We headed out for a road trip through a bit of southern Utah and northern Arizona along Route 89 and 89A. Route 89 and its alternate routing meet in Utah in the town of Kanab and in Arizona near the town of Page. There are quite a few interesting sights to see along the way, plenty more than can be visited in a day! Though, having a knee injury means many of the sights were unfortunately off the table for this trip.
Glen Canyon Dam
The construction of the Glen Canyon Dam on the Colorado River just north of Page, Arizona, resulted in the creation of Lake Powell behind the dam. We visited just a small area near the dam.
There is also some nice mountain scenery all around!
As well as an obscured view of the Glen Canyon Dam and adjacent bridge.
The Glen Canyon Dam has a visitor center that offers tours during normal times. Unfortunately, the entire building is closed due to Covid-19 and tours are currently not offered. The parking lot is open though for close up views of the dam.
There is an overlook downstream from the dam in Page. The view is supposed to be excellent with a clear view of the Colorado River and the dam. Unfortunately, despite my best efforts, I wasn’t able to make it down with my knee injury. While the path down has a metal railing along the entirety of the route, the sloped slickrock wasn’t something I could do. This is the best photo I was able to get!
Horseshoe Bend is an extremely famous spot along the Colorado River! While the actual feature is within the boundaries of the Glen Canyon National Recreation Area, parking and access is managed by the city of Page. It’s a pretty ridiculous cash grab by the city at $10 per vehicle and has become quite a tourist trap. Consider that $35 provides access to one vehicle for a week to the Grand Canyon!
This is the most famous view and photo that everyone walks away with! It’s no longer original at all and hasn’t been for a long time now. Until today though, I’ve only seen this scene from above 30,000 feet. The viewpoint has a small area protected by a metal railing but visitors are free to roam the cliffs to either side. Unfortunately not something that can be done safely when walking with a crutch!
Horseshoe bend isn’t really visible until you’re right on the edge of the cliff! This is about all one can see on the short trail that leads to the viewpoint. You can tell there is something there, but no indication of the beautiful view at all!
The paved trail to the viewpoint offers typical Arizona desert views. It is completely exposed but there are three well constructed rest areas with overhangs for shade.
Lees Ferry is the entry point into the Colorado River for trips through the Grand Canyon. We watched as one group of rafts, along with two kayaks in the water as well as more kayaks carried on the rafts, started their trip. It looked like a pretty tough start as they had to paddle against very high winds that were blowing upstream! There were many other rafts and boats getting ready as well on the beach.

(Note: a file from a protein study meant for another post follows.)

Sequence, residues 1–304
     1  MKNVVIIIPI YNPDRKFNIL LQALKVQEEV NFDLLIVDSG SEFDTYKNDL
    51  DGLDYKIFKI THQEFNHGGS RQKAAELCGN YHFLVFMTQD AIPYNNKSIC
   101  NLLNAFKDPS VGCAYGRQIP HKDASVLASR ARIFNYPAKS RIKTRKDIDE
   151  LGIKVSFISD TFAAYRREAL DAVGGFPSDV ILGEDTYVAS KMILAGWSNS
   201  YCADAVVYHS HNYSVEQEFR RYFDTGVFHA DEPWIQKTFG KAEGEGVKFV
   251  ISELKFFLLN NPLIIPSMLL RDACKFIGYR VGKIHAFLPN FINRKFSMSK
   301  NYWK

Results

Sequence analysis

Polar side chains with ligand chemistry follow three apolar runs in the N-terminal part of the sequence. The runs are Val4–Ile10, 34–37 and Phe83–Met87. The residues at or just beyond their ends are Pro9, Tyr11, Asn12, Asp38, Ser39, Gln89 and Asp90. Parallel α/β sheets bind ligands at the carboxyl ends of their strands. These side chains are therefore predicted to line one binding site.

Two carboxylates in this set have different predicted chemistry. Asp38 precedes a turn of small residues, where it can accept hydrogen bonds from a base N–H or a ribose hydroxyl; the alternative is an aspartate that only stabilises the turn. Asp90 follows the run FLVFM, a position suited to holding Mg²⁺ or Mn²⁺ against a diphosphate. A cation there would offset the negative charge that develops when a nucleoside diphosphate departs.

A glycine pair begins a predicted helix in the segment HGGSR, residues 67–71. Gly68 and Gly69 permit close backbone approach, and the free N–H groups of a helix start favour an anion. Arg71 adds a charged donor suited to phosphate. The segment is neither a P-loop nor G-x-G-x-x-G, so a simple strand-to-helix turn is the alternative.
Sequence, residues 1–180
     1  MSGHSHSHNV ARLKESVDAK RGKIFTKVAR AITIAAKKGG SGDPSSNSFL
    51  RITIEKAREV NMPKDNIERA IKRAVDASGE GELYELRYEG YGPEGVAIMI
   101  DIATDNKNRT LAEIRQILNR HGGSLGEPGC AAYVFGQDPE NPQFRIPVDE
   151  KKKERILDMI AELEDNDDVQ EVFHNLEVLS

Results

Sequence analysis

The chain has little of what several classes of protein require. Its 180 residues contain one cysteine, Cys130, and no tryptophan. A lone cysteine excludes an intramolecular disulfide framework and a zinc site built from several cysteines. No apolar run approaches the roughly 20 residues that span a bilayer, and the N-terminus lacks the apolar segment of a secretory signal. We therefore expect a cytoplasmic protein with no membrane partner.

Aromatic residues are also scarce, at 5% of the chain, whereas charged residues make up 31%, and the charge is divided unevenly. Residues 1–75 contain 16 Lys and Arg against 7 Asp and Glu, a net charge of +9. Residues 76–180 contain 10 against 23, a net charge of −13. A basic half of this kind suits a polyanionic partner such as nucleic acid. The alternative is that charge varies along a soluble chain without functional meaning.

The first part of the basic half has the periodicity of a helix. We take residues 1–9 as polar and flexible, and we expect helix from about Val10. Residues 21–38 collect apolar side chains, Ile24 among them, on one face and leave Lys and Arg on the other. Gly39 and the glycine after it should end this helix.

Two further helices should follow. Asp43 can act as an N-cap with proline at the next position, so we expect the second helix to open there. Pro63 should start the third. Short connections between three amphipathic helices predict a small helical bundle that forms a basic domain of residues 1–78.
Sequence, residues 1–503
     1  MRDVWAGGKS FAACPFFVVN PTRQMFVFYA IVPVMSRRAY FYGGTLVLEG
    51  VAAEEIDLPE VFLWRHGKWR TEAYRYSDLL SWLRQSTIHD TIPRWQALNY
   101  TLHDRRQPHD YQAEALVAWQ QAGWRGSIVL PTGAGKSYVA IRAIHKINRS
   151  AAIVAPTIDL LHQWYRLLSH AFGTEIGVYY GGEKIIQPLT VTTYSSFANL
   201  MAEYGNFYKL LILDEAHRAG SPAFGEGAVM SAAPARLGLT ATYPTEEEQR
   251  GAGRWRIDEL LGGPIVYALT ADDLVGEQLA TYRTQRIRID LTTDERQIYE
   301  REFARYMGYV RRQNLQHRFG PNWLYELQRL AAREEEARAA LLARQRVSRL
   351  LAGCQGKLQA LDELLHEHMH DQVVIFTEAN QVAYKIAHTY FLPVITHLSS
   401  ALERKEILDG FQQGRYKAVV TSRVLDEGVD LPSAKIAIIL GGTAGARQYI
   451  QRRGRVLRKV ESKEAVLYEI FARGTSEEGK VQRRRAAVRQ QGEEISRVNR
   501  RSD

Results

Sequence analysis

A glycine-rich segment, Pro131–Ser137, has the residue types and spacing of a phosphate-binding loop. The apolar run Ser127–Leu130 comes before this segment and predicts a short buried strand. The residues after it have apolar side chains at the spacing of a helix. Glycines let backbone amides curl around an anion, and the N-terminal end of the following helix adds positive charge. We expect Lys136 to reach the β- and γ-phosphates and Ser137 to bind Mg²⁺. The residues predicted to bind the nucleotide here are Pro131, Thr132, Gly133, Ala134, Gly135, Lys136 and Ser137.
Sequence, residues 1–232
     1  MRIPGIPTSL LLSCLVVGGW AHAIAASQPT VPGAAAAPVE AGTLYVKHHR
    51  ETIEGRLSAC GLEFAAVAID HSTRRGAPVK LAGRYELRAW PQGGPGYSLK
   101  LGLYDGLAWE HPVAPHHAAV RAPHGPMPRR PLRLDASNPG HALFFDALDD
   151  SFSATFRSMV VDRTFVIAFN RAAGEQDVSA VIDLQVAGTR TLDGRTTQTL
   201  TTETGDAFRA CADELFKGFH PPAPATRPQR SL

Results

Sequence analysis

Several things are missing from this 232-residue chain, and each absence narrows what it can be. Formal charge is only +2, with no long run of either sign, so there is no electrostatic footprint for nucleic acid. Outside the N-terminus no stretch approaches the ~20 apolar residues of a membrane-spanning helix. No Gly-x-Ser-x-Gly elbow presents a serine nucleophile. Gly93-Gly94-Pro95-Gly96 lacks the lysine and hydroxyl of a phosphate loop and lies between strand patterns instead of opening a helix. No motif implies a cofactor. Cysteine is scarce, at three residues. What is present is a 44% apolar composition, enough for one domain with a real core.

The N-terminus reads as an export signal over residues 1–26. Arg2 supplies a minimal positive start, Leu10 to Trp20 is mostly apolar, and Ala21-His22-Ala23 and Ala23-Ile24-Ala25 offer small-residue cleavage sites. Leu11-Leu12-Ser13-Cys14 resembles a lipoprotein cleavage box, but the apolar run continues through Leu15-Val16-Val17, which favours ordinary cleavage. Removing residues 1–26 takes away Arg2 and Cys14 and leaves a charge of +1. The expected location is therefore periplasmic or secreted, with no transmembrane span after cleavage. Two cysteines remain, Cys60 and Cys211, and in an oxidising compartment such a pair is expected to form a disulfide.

There were some interesting rock formations on the road down to Lees Ferry caused by rocks that fell from the mountain above. As they hit the ground, the compressed the ground underneath. This compressed ground has resisted erosion more than the rest of the surrounding land resulting in these formations.
Navajo Bridge dates back to the 1920s and crosses the Colorado River downstream from Lees Ferry. A new bridge for vehicle traffic was built parallel to the historic bridge. Currently, there is a small visitor center on the west side and the bridge can be walked across. The views of the Colorado River from the bridge are fantastic!
Vermilion Cliffs National Monument
The Vermilion Cliffs National Monument is a large remote park managed by the Bureau of Land Management. We only visited a very tiny portion of it, primarily to try to find California Condors!
Views of the cliffs that give the Vermilion Cliffs National Monument its name!
We drove 3 miles along House Rock Valley Road, an unpaved road that runs up the west side of the monument, to reach the Condor Viewing Site. California Condors, the largest bird in North America and a species brought back from near extinction, have been reintroduced in this area. They have been living atop the cliffs to the east! We were really happy to be able to see at least 6 or 7 of them, if not more! They were still pretty far away, even with a telephoto lens, and the hot weather didn’t help as heat distortions were negatively effecting photography.
We saw some small bird species as well that were unfamiliar to us. The bird atop the bush appears to be a Cassin’s Kingbird. The second bird that is seen standing on rocks and chasing another bird away appears to be a male Horned Lark.